Hong Kong Med J 2020 Jun;26(3):269–71  |  Epub 5 Jun 2020
Hong Kong Academy of Medicine. CC BY-NC-ND 4.0
Contrasting evidence for corticosteroid treatment for coronavirus-induced cytokine storm
Karen KY Leung, MB, BS, MRCPCH1; KL Hon, MB, BS, MD1; SY Qian, MD2; Frankie WT Cheng, MB, ChB, MD1
1 Department of Paediatrics and Adolescent Medicine, The Hong Kong Children’s Hospital, Hong Kong
2 Pediatric Intensive Care Unit, Beijing Children’s Hospital, Capital Medical University, National Center for Children’s Health, China
Corresponding author: Dr KL Hon (ehon@hotmail.com)
 Full paper in PDF
To the Editor—Two recent articles concerning corticosteroid usage in the coronavirus disease 2019 (COVID-19) pandemic provide opposing evidence and run the risk of muddying the waters on this controversial yet important topic.1 2 On the one hand, Russell et al1 tabulated a number of mainly observational clinical studies cautioning more harm than benefit with corticosteroid usage. On the other hand, Shang et al,2 acknowledging that existing evidence is inconclusive at best, referenced recommendations by Chinese physicians with frontline clinical experiences of COVID-19 who advocate short courses of corticosteroids at low-to-moderate doses for more severe disease.
In clinical settings, physicians tend to use corticosteroids only for treating critically ill patients. Therefore, selection bias and confounders in observational studies might contribute to any observed increased mortality in patient groups treated with corticosteroids. The papers cited by Russell et al1 omit to address coronavirus mortality, and the strength of the evidence presented does not support the certainty of the authors’ conclusions (Table).

Table. Adapted from cases reported by Russell et al1 with counter comments
Similar to respiratory viral diseases such as the seasonal influenza, two categories of people seem susceptible to die from COVID-19: older adults, especially those with chronic disease or other co-morbidities, and seemingly healthy adults with exacerbated autoinflammatory syndrome termed the cytokine storm syndromes.3 4 5 On the contrary, children and infants seem to survive epidemics of coronavirus infections with very mild disease.6
We acknowledge the potential risks associated with high-dose corticosteroids in treating COVID-19 pneumonia, and agree that corticosteroid usage should be avoided if there are other efficacious anti-inflammatory immunomodulating medications against the cytokine storm, such as intravenous immunoglobulin, interleukin-1 inhibitors, interleukin-6 inhibitors, and Janus kinase inhibitors.4 However, on the basis of recommendations by frontline Chinese physicians and local clinical experience during the severe acute respiratory syndrome epidemic, a short course of corticosteroids at low-to-moderate dose is probably justifiable for critically ill patients with hyperinflammation.7 8 Chinese researchers are running a prospective randomised controlled trial to review the efficacy and safety of corticosteroids.9 Until further evidence becomes available, whether to use corticosteroids or not remains controversial.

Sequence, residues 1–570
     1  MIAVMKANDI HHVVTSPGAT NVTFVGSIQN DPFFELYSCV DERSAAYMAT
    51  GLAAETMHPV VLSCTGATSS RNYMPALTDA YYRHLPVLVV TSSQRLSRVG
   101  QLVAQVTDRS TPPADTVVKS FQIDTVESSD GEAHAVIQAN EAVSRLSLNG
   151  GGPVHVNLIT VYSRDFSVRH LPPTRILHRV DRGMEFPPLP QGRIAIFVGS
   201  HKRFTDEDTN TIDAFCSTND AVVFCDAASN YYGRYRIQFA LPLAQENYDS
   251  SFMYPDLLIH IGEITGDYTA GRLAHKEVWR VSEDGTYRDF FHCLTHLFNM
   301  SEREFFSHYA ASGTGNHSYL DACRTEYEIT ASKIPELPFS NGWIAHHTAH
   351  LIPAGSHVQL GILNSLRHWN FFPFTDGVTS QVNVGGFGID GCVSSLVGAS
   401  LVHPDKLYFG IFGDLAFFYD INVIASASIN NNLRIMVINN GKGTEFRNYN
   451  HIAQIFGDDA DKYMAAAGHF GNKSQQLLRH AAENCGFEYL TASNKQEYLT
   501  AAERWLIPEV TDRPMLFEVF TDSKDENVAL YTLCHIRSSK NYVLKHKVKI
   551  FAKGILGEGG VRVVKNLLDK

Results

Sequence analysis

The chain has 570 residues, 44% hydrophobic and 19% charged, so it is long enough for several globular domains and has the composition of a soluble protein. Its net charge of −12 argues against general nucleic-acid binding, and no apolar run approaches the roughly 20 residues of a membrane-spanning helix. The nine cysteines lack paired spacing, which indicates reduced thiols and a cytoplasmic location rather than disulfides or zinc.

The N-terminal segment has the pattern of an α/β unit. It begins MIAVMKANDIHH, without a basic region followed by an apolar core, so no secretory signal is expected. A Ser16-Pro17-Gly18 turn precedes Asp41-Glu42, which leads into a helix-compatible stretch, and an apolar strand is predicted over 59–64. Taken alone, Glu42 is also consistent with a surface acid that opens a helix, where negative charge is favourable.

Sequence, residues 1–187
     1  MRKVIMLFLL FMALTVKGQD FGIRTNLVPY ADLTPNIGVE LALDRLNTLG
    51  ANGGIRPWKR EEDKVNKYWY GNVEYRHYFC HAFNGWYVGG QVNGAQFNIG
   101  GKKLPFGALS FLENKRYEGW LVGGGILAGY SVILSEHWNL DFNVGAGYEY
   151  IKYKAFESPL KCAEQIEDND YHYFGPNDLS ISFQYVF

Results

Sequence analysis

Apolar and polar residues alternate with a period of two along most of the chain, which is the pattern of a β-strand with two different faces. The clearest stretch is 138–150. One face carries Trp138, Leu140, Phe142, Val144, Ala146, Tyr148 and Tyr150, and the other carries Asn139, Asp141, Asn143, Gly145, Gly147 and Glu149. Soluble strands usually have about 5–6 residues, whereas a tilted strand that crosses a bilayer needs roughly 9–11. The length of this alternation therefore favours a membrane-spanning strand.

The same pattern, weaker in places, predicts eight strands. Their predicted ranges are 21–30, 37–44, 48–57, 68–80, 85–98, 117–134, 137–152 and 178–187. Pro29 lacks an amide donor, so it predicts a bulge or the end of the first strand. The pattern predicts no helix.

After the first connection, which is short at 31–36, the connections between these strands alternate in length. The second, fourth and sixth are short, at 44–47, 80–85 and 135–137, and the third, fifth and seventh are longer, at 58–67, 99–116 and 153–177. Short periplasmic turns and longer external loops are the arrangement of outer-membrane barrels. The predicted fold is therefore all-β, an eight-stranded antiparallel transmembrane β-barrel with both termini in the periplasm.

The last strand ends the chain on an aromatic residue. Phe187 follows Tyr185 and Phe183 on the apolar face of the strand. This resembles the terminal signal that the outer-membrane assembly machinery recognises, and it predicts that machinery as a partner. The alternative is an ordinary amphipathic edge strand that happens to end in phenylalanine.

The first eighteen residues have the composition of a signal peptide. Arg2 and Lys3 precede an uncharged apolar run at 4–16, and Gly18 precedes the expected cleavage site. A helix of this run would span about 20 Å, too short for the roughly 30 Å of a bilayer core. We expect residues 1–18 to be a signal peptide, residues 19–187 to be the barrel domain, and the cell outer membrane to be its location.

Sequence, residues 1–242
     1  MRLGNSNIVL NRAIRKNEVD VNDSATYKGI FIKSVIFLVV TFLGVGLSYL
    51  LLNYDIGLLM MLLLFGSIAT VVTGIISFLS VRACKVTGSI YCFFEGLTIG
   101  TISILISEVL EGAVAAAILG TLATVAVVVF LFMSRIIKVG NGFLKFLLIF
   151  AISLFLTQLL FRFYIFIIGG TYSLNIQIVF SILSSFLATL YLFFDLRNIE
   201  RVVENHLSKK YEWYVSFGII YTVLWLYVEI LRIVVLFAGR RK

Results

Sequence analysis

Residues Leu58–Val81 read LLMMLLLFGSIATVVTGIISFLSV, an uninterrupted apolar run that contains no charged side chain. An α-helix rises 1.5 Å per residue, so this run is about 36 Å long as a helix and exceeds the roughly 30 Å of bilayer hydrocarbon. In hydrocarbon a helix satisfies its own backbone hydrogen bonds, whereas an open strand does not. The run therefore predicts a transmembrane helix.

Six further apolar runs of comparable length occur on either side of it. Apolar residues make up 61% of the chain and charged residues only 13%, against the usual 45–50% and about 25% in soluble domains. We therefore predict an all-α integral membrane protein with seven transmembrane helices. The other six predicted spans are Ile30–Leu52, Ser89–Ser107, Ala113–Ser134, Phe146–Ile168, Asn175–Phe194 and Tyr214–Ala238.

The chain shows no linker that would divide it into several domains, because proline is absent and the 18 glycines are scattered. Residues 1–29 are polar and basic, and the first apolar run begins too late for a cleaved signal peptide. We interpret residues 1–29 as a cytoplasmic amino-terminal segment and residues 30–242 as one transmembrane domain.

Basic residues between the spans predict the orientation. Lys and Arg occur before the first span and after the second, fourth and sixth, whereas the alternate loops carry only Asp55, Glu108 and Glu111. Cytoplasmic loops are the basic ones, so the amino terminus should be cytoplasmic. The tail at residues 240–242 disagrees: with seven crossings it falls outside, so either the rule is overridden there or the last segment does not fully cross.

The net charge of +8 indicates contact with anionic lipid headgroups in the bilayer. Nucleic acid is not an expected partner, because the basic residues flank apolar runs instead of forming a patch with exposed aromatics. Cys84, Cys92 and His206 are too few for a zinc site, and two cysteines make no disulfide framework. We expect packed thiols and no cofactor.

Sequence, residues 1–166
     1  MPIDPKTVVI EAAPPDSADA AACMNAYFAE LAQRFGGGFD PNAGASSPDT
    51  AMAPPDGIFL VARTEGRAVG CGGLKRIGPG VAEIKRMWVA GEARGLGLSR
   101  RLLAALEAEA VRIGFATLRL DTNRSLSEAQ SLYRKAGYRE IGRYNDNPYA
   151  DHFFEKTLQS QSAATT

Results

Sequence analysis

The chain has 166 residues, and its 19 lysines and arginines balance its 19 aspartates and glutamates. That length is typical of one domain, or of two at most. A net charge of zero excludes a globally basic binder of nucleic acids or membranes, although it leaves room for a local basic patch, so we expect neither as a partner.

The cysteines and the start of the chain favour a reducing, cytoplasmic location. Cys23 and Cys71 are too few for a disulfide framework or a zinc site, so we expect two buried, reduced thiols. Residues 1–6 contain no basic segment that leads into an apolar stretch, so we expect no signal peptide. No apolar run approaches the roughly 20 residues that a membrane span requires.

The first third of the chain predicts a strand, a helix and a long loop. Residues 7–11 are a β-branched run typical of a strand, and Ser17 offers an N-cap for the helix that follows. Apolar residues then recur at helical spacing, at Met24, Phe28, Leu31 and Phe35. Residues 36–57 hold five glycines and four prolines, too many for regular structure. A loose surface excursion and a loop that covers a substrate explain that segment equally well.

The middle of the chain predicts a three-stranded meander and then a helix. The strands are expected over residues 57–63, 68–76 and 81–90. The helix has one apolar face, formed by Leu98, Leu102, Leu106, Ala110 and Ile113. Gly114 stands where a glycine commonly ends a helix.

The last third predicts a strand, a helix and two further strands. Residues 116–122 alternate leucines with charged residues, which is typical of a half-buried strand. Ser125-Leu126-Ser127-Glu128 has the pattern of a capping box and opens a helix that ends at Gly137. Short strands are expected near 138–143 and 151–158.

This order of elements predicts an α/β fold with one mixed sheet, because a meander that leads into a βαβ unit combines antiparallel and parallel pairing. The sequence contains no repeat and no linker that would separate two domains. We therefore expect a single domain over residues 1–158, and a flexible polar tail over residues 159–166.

Author contributions
All authors contributed to the concept of the study, acquisition and analysis of the data, drafting of the manuscript, and critical revision of the manuscript for important intellectual content. All authors had full access to the data, contributed to the study, approved the final version for publication, and take responsibility for its accuracy and integrity.
Conflicts of interest
The authors have no conflicts of interest to disclose.
This letter received no specific grant from any funding agency in the public, commercial, or not-for-profit sectors.
1. Russell CD, Millar JE, Baillie JK. Clinical evidence does not support corticosteroid treatment for 2019-nCoV lung injury. Lancet 2020;395:473-5. Crossref
2. Shang L, Zhao J, Hu Y, Du R, Cao B. On the use of corticosteroids for 2019-nCoV pneumonia. Lancet 2020;395:683-4. Crossref
3. Novel Coronavirus Pneumonia Emergency Response Epidemiology Team. The epidemiological characteristics of an outbreak of 2019 novel coronavirus diseases (COVID-19) in China [in Chinese]. Zhonghua Liu Xing Bing Xue Za Zhi 2020;41:145-51.
4. Mehta P, McAuley DF, Brown M, Sanchez E, Tattersall RS, Manson JJ, et al. COVID-19: consider cytokine storm syndromes and immunosuppression. Lancet 2020;395:1033-4. Crossref
5. Ng PC, Lam CW, Li AM, Wong CK, Cheng FW, Leung TF, et al. Inflammatory cytokine profile in children with severe acute respiratory syndrome. Pediatrics 2004;113:e7-14. Crossref
6. Hon KL, Leung CW, Cheng WT, Chan PK, Chu WC, Kwan YW, et al. Clinical presentations and outcome of severe acute respiratory syndrome in children. Lancet 2003;361:1701-3. Crossref
7. Zhao JP, Hu Y, Du RH, Chen ZS, Jin Y, Zhou M, et al. Expert consensus on the use of corticosteroid in patients with 2019-nCoV pneumonia [in Chinese]. Zhonghua Jie He He Hu Xi Za Zhi 2020;43:183-4.
8. Yam LY, Lau AC, Lai FY, Shung E, Chan J, Wong V, et al. Corticosteroid treatment of severe acute respiratory syndrome in Hong Kong. J Infect 2007;54:28-39. Crossref
9. US National Library of Medicine, US Government. Efficacy and Safety of Corticosteroids in COVID-19. Available from: https://clinicaltrials.gov/ct2/show/NCT04273321. Accessed 24 Mar 2020.